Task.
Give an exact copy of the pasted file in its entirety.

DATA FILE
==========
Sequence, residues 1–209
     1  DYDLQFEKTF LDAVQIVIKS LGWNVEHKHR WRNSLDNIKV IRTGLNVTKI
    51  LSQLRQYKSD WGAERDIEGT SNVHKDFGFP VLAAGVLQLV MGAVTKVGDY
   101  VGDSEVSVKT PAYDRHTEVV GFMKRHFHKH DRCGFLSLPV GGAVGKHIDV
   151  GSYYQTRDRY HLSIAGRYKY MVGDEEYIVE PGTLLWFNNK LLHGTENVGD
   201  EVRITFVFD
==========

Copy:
Sequence, residues 1–209
     1  DYDLQFEKTF LDAVQIVIKS LGWNVEHKHR WRNSLDNIKV IRTGLNVTKI
    51  LSQLRQYKSD WGAERDIEGT SNVHKDFGFP VLAAGVLQLV MGAVTKVGDY
   101  VGDSEVSVKT PAYDRHTEVV GFMKRHFHKH DRCGFLSLPV GGAVGKHIDV
   151  GSYYQTRDRY HLSIAGRYKY MVGDEEYIVE PGTLLWFNNK LLHGTENVGD
   201  EVRITFVFD